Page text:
For all his exalting of the body electric, WW ain’t talking about my brown body or African bodies. White bodies need only apply for the full body kung fu glow in his world. Of course, they didn’t teach his thoughts on the matter in high school or college. The American school system likes to sanitize and exculpate northern Europeans, call slaves workers, say the land was empty and just waiting for development, that Mexicans were too lazy here in the underpopulated and underfunded frontier to get anything done. What more proof of this white supremacy than the current Texas Legislature’s further attempt to whitewash history and combat the truth of black and brown humanity and that the system built on us is oppressive and wrong.
I’m quite okay with Whitman getting mowed along with much of the American literary canon, the Anglocentric selection of works that academia advertises and empowers by its own authority.
Mowing Leaves of Grass is a cry against the American experience and for the Indigenous American, one often we Chicanos must steal back as our detractors use the earlier marks of Spanish conquest against us, or make exploitative tourist fantasies of us, as mentioned in “Carved Over.” This poem is a mental overthrow of the USA’s colonial idea of us as foreigners which is accomplished as well in the poem, “Pilgrim.” This poem “Pilgrim” was read at the first Aztlán Report, a state of the raza yearly event started this year in 2021. The Aztlán Report was a gathering of Chicano organizations to inform about the events and activities of the year pertinent the Mexican American experience. I attended as a member of MeXicanos 2070, a non-profit Chicano organization dedicated to protecting and enhancing our culture. A perfect setting for this counter colonial poem.
These poems come from a year ago, el tiempo de naranja, the time of Trump. Sedillo cusses Trump, cusses his followers. Points out that we Xicanos are the future. Mowing Leaves of Grass, the book and the titular poem is mowing the canon, decolonizing the mind of education, American education. At times, it hits the same note, the note of resistance, but we are offered some poems like “La Reina,” where it’s a celebration of women who have persevered and transmitted culture, like my birth city of LA itself.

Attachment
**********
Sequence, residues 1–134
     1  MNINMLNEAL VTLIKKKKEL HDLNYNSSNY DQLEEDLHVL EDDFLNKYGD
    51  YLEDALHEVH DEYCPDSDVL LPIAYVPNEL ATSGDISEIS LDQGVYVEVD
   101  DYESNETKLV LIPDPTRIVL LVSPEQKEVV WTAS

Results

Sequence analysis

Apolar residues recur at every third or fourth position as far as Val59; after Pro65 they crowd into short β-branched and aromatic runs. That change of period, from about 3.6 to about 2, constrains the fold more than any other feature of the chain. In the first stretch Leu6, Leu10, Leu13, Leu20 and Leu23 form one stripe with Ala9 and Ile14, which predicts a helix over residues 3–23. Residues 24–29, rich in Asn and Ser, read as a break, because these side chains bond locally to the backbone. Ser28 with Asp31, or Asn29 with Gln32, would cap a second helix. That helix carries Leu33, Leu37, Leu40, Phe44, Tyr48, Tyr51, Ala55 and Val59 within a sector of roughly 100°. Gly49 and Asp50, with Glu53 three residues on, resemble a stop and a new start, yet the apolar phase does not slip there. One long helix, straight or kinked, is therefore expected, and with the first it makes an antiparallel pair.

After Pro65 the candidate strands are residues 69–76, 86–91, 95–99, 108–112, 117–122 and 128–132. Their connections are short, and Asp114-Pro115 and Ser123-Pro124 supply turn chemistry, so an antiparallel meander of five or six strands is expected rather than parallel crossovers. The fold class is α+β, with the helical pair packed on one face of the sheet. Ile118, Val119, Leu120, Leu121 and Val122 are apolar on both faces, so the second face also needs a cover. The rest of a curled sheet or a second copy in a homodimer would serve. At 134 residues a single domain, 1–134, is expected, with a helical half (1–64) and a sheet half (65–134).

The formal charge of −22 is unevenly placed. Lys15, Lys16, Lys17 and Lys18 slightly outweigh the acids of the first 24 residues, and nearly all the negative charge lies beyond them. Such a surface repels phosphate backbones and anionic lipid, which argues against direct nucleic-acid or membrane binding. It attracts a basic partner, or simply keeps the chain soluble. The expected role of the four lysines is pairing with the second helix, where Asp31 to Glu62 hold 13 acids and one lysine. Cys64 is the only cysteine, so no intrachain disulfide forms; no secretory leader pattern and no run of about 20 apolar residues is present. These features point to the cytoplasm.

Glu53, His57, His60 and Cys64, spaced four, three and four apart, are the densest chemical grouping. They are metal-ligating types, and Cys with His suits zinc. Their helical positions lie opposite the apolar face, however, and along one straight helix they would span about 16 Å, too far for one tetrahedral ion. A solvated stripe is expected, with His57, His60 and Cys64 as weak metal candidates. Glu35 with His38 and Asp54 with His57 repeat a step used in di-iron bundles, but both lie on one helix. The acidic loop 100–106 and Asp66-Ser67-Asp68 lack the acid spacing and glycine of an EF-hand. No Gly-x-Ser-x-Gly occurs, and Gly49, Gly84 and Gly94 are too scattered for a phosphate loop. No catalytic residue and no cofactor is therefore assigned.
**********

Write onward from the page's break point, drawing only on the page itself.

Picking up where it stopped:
We need more than witnessing to provide trauma porn for salivating masters, or equally legless rage to amuse them. We don’t have anger issues, we got reasons to be angry. We need that emotion and reason, the chants and incantation in this collection that will heal and forge us. We need to be out of control and have un-colonial thoughts.
We deserve our anger; we need to express it. I needed these words when cops approached me as a teenager, guns on me, asked, are you a wetback? and slammed me against my car. I just knew “Fuck Tha Police” by NWA back then. Now I have the poem, “Custers.” Mowing Leaves of Grass has many stanzas expressing the “ya bastas,” “nada mas,” “best back ups” that Chicanos need.
These poems are angry. I am angry. As I write this, Mario Gonzales is dead, murdered by cops, called on by neighbors for being tall and brown in a public park. He had long hair, the caller said; he looked “Hispanic” or “Indian.” The words describe Mario, me, and the poet. These poems can’t not be personal.
I want everyone to read this. It’s poetry for now, but not limited to it. Mow the canon, celebrate the Xicano electric or find the new words we are on the cusp of speaking thanks to fearless poetry like Sedillo’s.
Born in El Sereno, California in 1981, Matt Sedillo writes from the vantage point of a second generation Chicano born in an era of diminishing opportunities and a crumbling economy. His writing - a fearless, challenging and at times even confrontational blend of humor, history and political theory - is a reflection of those realities.